Race is a social construct, and the way it is measured has important implications for understanding inequities in health and other outcomes. But conventional definitions of racial and ethnic identity in survey research may conceal important differences in the experiences of diverse groups. In this study, we explored what we can learn by measuring race in alternative ways and what we miss by focusing on only one set of measures. We assessed nonelderly adult survey respondents’ perceptions of how others see their race based on their physical appearance, a concept known as “street race,” and how respondents’ reported street race varies depending on the response options presented to them.
What we did
We conducted an experiment in which we randomly divided participants in the Urban Institute’s December 2021 Well-Being and Basic Needs Survey into two groups, each of which received one of two versions of a street race survey question. The first version included “Brown” as a street race option and excluded the Hispanic/Latinx and Middle Eastern or Arab categories that appeared in the second version. We assessed responses to each version of the street race question for adults who self-identified as Hispanic/Latinx or self-identified as non-Hispanic/Latinx and white, Black, Asian, or multiple races.
What we found
Findings from this study reinforce that race and ethnicity are more complex to measure than people may think and point to the need for further exploration of multidimensional measures of race in survey data, especially for Hispanic/Latinx and multiracial populations.
Our key findings include the following:
- Many self-identified white, Black, and Asian adults reported a street race that aligns with their self-identified race. However, we found some variation in street race within these groups that might otherwise go unidentified in survey data without multiple measures of race and ethnicity.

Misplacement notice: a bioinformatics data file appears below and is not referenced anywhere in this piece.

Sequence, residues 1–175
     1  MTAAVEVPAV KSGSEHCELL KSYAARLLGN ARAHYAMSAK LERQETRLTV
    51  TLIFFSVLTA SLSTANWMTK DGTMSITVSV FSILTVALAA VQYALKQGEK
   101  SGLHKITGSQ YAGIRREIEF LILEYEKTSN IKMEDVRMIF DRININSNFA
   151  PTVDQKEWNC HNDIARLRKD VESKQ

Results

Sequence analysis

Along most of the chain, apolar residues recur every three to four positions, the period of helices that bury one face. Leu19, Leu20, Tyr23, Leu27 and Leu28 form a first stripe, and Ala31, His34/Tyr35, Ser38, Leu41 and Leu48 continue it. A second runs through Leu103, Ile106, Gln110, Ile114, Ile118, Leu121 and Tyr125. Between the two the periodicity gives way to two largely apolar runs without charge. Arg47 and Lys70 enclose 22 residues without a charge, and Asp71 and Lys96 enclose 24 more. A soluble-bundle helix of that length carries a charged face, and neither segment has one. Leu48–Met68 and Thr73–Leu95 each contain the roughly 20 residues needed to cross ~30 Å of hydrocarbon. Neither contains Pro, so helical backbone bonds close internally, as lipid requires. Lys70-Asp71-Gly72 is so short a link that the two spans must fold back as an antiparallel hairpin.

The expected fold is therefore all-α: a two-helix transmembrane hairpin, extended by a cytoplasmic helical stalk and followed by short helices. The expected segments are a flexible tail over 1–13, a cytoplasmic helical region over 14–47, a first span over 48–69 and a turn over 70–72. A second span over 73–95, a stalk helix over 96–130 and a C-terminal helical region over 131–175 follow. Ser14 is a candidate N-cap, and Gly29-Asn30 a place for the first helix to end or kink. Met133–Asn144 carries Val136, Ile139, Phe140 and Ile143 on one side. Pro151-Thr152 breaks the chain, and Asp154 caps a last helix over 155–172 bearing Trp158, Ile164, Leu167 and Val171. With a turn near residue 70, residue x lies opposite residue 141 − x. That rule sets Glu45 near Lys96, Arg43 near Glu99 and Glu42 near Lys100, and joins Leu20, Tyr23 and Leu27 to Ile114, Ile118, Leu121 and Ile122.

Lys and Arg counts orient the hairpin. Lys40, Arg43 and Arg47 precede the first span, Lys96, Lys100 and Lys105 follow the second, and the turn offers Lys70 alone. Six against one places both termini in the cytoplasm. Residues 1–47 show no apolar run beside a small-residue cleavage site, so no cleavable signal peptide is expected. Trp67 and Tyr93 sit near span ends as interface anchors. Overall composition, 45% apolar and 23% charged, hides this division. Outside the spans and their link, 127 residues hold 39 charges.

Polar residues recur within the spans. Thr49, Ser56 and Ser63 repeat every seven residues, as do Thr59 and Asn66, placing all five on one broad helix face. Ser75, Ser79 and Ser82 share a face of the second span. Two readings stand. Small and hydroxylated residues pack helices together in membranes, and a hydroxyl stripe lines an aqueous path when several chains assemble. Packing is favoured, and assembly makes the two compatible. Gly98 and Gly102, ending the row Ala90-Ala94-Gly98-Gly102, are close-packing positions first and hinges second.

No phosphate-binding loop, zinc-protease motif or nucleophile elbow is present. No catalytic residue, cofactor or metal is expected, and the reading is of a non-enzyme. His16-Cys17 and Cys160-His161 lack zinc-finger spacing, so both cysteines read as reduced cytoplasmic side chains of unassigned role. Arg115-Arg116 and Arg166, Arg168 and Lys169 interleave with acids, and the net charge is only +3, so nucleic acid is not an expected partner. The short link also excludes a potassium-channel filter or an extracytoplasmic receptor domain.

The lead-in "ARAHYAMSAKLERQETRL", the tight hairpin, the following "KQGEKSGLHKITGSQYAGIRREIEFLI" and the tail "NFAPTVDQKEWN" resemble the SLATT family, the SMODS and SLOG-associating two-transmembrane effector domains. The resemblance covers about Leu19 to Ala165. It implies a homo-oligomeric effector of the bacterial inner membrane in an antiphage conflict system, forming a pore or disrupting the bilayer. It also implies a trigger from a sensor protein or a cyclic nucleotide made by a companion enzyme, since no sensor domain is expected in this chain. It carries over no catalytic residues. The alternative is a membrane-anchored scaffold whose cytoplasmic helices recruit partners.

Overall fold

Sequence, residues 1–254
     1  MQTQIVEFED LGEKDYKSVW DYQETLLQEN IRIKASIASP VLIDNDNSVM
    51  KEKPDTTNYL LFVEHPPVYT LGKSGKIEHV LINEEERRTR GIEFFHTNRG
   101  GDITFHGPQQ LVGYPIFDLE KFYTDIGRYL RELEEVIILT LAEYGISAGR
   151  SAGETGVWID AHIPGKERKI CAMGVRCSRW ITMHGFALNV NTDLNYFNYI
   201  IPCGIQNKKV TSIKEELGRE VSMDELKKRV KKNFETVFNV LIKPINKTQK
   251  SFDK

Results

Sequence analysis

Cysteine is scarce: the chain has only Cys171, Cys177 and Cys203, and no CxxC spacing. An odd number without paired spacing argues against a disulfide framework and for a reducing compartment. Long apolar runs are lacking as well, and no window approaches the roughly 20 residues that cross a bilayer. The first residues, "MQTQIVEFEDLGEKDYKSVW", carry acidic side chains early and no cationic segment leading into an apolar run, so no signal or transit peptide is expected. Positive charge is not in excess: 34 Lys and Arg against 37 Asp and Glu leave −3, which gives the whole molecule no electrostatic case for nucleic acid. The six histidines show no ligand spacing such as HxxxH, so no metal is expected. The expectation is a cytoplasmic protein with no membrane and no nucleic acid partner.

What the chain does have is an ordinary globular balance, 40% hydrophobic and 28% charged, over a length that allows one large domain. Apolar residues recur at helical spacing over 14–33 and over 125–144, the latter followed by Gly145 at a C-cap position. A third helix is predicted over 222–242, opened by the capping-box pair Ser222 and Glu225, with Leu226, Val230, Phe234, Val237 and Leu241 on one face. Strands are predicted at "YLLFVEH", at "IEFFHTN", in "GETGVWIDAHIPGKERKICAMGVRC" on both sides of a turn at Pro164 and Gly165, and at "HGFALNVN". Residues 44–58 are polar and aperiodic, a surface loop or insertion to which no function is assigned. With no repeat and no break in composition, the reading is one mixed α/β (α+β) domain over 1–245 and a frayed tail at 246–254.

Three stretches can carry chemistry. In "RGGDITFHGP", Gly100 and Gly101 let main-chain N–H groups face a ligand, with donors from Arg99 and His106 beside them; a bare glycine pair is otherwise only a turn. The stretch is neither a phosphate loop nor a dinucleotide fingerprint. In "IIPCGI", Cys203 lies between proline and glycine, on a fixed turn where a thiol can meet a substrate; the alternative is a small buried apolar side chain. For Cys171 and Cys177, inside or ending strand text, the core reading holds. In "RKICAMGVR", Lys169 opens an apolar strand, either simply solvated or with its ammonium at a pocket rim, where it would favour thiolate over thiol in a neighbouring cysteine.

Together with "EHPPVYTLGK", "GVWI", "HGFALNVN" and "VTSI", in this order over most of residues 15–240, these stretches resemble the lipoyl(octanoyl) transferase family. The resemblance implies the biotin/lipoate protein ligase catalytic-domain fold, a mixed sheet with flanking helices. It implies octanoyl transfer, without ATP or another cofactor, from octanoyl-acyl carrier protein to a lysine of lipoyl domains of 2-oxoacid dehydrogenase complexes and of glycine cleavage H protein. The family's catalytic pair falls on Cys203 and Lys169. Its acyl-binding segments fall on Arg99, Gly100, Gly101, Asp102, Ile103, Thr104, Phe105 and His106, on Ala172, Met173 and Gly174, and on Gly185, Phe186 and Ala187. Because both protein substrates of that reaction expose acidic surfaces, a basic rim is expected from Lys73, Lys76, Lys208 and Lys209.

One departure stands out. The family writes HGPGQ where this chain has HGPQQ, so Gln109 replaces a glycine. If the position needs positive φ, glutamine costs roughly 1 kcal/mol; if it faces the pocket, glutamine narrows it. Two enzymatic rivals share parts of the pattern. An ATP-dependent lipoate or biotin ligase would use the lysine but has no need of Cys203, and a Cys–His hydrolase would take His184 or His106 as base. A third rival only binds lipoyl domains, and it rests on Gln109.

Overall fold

- Diversity in reported street race was most pronounced for self-identified Hispanic/Latinx adults and adults who self-identified as more than one race.
- Self-identified Hispanic/Latinx adults’ responses to the street race questions were especially sensitive to the categories presented to them. Many who received the version of the street race question lacking a Hispanic/Latinx response option wrote in that their street race is Hispanic, Latino/a, or a Hispanic national origin.
- Among adults who received the first version of the street race question, self-identified Hispanic/Latinx adults were more likely than other adults to report their street race is Brown. However, this response was still relatively uncommon among Hispanic/Latinx adults.
Why this matters
Traditional measures of self-identified race and ethnicity lump together diverse populations, often yielding results with insufficient nuance to understand and address inequities. The concept of street race has the potential to help us gain a clearer picture of how people believe they are perceived by others and how the racialized status others attribute to them affects their well-being and access to opportunity. But more research is needed to understand how people respond to alternative approaches to measuring street race.
This exploratory study is part of a larger body of work, and we continue to explore the concept of street race further in surveys conducted in 2022. By learning more about how people are perceived as they navigate their daily lives, policymakers and other stakeholders can better identify and interrupt inequities in health and economic circumstances.